Department of Environmental Protection
Business owners are facing another day of cleanup. Many of their basements are flooded with several feet of water, and restaurant owners are being forced to replace food which they had to throw away.
The triple-digit scorcher that taxed the electrical grid and made life uncomfortable in the Tri-state area is finally expected to simmer down somewhat on Sunday.
Engineers are working around the clock to get the minimum of two out of the five engines up and running at the North River Waste Water Treatment Plant. Until then, raw sewage is bypassing the plant and going straight into the river.
Old 2x4s, tree branches, gas cans, soda cans and water bottles. It’s all being picked up by a detail of about a dozen prison inmates along the Liberty State Park shoreline over the next couple weeks.
Farrell Sklerov with the Department of Environmental Protection says there were some troubling test results last year, a small uptick in lead levels in homes with older pipes.
A new poll released Wednesday by Quinnipiac University showed New Jerseyans think there aren’t enough bathrooms near the beach.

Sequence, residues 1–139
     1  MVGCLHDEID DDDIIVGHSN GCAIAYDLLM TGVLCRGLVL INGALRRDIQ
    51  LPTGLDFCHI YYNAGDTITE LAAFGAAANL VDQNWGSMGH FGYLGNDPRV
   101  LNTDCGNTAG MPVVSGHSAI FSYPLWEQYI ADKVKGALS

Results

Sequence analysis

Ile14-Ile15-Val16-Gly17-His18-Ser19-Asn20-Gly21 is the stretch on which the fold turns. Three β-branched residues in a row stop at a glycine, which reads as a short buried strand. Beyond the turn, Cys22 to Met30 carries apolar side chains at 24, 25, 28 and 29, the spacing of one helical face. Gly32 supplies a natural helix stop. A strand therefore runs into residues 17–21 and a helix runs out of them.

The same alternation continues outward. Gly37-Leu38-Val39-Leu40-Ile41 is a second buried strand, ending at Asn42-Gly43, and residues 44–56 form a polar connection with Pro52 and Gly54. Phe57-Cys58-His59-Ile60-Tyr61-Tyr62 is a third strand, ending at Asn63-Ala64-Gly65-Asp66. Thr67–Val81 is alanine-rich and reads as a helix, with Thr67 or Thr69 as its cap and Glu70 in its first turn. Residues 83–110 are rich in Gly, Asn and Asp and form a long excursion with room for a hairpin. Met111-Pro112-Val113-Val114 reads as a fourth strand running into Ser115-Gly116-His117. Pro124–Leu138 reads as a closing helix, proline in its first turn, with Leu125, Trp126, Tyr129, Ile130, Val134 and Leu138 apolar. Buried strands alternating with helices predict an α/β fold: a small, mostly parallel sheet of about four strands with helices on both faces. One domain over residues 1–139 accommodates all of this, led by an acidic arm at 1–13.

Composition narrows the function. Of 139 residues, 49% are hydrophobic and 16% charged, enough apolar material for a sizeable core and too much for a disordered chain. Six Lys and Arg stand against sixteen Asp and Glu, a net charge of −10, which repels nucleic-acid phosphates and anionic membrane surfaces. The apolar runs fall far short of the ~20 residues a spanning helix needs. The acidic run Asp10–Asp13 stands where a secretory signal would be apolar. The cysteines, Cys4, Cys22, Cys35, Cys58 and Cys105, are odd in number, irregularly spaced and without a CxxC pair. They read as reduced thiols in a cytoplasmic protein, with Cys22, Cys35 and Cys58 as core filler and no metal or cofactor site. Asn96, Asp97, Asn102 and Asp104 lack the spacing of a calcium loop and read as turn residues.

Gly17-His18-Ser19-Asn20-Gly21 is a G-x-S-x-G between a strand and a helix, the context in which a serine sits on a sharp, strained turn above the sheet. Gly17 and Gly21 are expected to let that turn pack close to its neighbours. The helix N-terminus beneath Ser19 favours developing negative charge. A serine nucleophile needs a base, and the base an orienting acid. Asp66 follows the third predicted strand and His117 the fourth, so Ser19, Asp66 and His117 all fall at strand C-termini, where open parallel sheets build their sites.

For more than a week, there have been mountain lion sightings in and around Greenwich.
There has been a wild animal alert issued in the northern suburbs. A mountain lion, yes, a mountain lion, is on the loose. It’s out there and conservation experts said the picture obtained by CBS 2 is definitely it.
It’s the last chance for New Jersey residents to weigh in on new proposed beach acces laws at hearing on Long Beach Island.
A new proposal may allow individual shore towns to determine rules for beach access, and that means shore-lovers could get shut out of their favorite beaches.
Opponents of New Jersey’s proposed beach access rules plan to deliver more than 1,000 postcards to Gov. Chris Christie’s office Wednesday.
Windmills on Staten Island? It’s a proposal New York City officials are exploring.
Connecticut is bracing for a possible invasion of the emerald ash borer, an insect that in numbers, quickly invades Ash trees, killing them.
Water began gushing out of the 12-inch main from 1941 just after 5 a.m., flooding streets in the Sunset Park section.
New York City launched a new program Monday designed to save homeowners a lot of time, heartache and money.